Should I rush to trade in my car in case prices crash?


FILE — A lot of used cars in Reading, Pennsylvania July 16, 2013. When buying used cars, the best dealers offer insurance, but better prices could be found elsewhere. Check the Carfax and offer to meet in a police station parking lot. (Mark Makela/The New York Times)Mark Makela/New York Times News Service

I have a five year old SUV and was thinking of trading it in next year. But with used car prices so high, should I rush to do it this spring in case they crash? I want to get as much as possible on the exchange. – Cary, Calgary

What goes up must come down. But while used car prices in Canada appear to have bottomed out, don’t expect a sudden crash, says a market analyst at Canadian Black Book, a service that tracks used car prices.

“As new car production begins to pick up, we expect used car prices to begin to fall,” said James Hancock, director of OEM strategy and analysis. ) at Markham, Ontario. Canadian Black Book.

Used car prices in Canada have risen 51% since March 2020, due to a shortage of new cars fueled by pandemic demand and supply chain issues, including a global shortage of semi-automatic chips. female drivers, Hancock said.

“There aren’t enough new cars, so consumers are looking for used cars — what used to be a $20,000 used car would now be worth $30,000,” Hancock said. “New car inventory is down 50% compared to the same period last year and used car inventory is down 20%.”

In addition, due to the current demand for used cars in the United States, more Canadian used cars are being sent there than before the pandemic, contributing to the shortage of used cars here, said Hancock.

But once automakers can get more chips and build enough new cars to meet demand, used car prices should eventually return to pre-pandemic levels, Hancock said.

So when could this happen? Estimates vary. Hancock thinks there will likely be a gradual decline in used car prices as automakers catch up over the next year.

For 2022, Hancock predicts used car prices could experience a “moderate” decline this year of a few hundred dollars.

But he expects used car prices to remain above pre-pandemic levels through 2025.

Another seller’s market

Remember when used cars used to depreciate 30 or 40% in the first year?

Right now, some new cars bought last year have barely lost value, Hancock said.

Some high-demand used 2017 models are worth nearly as much now as they were new, Hancock said, based on what buyers are willing to pay today. For example, a 2017 Honda Civic is worth 99% of its original price, a 2017 Volkswagen Beetle is worth 98% and a 2017 Toyota Tacoma is worth 97%, Hancock said.

If you bought a 2017 Porsche Cayman when it was new and sold it today, you’d make money — it’s worth 101% of its list price in 2017.

All used cars have seen their prices rise since a shortage of computer chips hit new car production this time last year, although the rise was greatest for cars four years old or older. less, Hancock said. Vehicles in high demand like pickup trucks saw the biggest price increase.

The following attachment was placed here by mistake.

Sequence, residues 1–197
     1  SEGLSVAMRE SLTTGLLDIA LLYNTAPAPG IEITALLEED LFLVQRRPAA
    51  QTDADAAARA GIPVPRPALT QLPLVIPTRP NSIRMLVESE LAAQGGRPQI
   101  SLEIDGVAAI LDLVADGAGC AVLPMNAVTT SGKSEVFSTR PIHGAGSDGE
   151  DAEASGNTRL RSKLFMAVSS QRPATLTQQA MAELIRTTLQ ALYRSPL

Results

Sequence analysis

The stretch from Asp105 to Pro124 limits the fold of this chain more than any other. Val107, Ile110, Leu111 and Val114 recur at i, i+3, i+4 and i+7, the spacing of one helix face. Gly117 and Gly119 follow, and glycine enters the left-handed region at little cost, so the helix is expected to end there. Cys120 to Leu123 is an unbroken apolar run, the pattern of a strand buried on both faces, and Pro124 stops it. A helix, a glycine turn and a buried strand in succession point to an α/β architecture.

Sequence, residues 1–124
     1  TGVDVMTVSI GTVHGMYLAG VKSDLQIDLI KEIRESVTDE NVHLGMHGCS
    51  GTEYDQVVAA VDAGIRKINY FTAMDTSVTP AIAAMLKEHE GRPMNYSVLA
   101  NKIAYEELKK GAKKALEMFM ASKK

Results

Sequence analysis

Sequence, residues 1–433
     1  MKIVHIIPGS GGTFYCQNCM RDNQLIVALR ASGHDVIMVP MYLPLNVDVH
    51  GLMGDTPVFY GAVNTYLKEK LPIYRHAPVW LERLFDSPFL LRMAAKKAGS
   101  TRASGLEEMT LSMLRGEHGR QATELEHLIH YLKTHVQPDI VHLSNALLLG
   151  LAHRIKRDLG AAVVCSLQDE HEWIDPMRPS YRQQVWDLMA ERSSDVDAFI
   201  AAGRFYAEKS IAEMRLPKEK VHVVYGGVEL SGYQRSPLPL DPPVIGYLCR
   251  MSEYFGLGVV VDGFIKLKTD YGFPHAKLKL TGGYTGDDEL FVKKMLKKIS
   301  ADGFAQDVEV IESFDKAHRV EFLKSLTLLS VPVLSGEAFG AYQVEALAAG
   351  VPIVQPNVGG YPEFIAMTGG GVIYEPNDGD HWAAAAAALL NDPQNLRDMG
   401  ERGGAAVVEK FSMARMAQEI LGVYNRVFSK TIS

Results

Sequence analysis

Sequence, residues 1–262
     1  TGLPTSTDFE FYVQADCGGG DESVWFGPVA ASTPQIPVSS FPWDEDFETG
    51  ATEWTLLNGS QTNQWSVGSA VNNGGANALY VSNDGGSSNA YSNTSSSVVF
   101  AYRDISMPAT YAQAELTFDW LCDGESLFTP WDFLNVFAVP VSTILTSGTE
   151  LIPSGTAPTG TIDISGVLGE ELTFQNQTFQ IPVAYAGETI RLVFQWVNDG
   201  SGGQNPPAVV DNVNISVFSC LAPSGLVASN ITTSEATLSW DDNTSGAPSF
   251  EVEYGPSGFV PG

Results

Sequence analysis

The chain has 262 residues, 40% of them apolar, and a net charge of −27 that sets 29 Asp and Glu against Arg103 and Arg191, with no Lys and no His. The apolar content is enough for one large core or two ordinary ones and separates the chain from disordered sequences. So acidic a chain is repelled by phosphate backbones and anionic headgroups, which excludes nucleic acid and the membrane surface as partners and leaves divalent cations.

“It’s like the gold rush in the Yukon,” said Peter Hatges, national automotive industry leader at KPMG. “If you’re flipping a three- or four-year lease, you can actually get some money back when you flip the car.”

Like Hancock, Hatges also expects used car prices to gradually return to pre-pandemic levels as new car production catches up.

“If you look at used car prices in the short term, we probably have some resistance to a big drop in prices, but prices will return to normal in the next 18 to 24 months,” Hatges said.

One thing that could slow the return to normal, he said, is the current push from automakers to sell more electric vehicles.

“There could be a little cushion [to falling used car prices] because people may be inclined to buy [internal combustion engine] vehicles, Hatges said.

Indeed, people who are wary of electric cars may keep their gas-powered car longer than they otherwise would have. Or, they may seek out a used gas-powered car instead of buying a brand new electric or hybrid vehicle, Hatges predicts.

This could temporarily keep gasoline-powered used cars in higher demand and shorter supply.

A balancing act

Whatever you decide to do, there will be compromises.

“If you are looking to maximize your [trade-in value], you might want to trade in your car sooner rather than later, said Hancock of Canadian Black Book. “But replacing a vehicle right now is difficult – you might have to pay more for that car and you might have to wait for that car.”

If you order a car today, you’ll likely have to wait three to five months for delivery, he said.

Not only that, most manufacturers have ended cash rebates and incentives on new cars for the time being because their inventory is so low and demand is so high – and some have increased the sticker price compared. to last year, Hancock said.

“So you used to see ads where they said you would get $5,000 on the car,” Hancock said. “They don’t offer that anymore.”

Do you have a driving question? Send it to [email protected] and put “Conduct Issues” in your subject line. Emails without the correct subject line may not receive a response. Canada is a big country, so let us know where you are so we can find the answer for your city and province.


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